While the request formally is from his attorneys, Lance Armstrong is demanding an on-air apology from “60 Minutes.” In their May 22 broadcast, “60 Minutes“ asserted that Armstrong had tested positive for the blood-booster EPO during the 2001 Tour de Suisse.
Relying in part on information from Armstrong’s former teammate, Tyler Hamilton, “60 Minutes” claimed that International Cycling Union officials helped Armstrong cover up a positive test result in 2001, and then brokered a meeting involving Armstrong and Martial Saugy’s World Anti-Doping Agency-accredited lab, as they were responsible for testing the samples from the Swiss race.
Saugy denied the allegations of a positive test last week. He did state that he met with Armstrong and the former U.S. Postal Team manager, Johan Bruyneel. However, the meeting was not in Lausanne, as Hamilton had claimed, and the purpose of the meeting had nothing to do with a suspicious test result according to Saugy.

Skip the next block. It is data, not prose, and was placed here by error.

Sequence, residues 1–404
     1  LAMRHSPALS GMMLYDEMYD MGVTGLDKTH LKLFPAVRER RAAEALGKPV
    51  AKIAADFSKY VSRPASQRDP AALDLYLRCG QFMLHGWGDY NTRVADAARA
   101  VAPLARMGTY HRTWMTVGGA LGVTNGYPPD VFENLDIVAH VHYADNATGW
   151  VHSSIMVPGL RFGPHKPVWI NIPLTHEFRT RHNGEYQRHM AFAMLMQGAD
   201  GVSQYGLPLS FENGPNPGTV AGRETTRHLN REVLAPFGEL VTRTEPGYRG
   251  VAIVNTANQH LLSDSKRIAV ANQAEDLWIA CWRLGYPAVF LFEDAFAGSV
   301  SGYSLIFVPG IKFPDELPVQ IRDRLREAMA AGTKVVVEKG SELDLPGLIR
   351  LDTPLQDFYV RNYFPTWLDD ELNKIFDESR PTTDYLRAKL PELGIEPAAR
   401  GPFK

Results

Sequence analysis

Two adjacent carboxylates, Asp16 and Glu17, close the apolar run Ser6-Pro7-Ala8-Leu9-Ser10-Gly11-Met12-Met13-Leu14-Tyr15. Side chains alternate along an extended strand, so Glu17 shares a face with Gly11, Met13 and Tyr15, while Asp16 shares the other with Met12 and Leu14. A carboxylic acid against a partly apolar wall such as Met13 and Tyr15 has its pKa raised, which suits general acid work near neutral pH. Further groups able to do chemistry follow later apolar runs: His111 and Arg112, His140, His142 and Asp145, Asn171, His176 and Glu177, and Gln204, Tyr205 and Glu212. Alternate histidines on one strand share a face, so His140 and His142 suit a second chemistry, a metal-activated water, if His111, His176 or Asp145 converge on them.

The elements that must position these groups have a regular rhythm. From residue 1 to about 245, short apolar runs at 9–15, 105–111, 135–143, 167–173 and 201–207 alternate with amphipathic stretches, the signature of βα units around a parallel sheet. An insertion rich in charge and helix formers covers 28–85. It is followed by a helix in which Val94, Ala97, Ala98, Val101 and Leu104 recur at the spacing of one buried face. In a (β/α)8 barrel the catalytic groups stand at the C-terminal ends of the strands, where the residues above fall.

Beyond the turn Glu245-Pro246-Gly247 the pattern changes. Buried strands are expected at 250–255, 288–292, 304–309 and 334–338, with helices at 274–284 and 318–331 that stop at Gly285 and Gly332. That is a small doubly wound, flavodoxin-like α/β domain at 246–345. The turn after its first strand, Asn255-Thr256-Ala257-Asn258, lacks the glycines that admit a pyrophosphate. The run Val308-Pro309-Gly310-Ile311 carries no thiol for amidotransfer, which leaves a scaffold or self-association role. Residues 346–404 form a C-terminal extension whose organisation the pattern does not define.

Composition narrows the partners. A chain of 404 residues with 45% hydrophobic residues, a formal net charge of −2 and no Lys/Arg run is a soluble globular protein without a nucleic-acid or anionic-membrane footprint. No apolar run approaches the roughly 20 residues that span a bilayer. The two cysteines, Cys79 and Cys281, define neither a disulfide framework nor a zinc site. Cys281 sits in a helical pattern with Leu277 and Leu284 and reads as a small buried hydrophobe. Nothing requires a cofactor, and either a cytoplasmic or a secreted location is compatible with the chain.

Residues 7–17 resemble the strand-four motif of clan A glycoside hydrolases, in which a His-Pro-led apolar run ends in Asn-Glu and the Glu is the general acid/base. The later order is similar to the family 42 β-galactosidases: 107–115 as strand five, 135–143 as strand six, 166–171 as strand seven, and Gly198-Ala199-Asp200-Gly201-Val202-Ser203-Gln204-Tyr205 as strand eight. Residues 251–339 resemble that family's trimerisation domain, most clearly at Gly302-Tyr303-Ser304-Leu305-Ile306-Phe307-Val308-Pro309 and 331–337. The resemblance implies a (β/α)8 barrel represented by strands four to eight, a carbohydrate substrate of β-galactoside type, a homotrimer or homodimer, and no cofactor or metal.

Armstrong’s lawer, Elliot Peters, sent a letter to CBS News Chairman and “60 Minutes” executive producer Jeff Fager on Wednesday. He stated: “In the cold light of morning your story was either extraordinarily shoddy, to the point of being reckless and unprofessional, or a vicious hit-and-run job. In either case, a categorical on-air apology is required.”
“What is particularly disturbing,” Peters continued, “is that ’60 Minutes’ had access to the true facts, could easily have verified them, and apparently chose instead to broadcast untruths and then layer innuendo on top of the falsehoods.”
Kevin Tedesco, a CBS News spokesman, stated he is unable to comment on the letter at this time, but did offer “we consider this the most thorough investigation into doping in the sport of cycling ever done.”
Armstrong maintains he has never used or tested positive for performance enhancing drugs.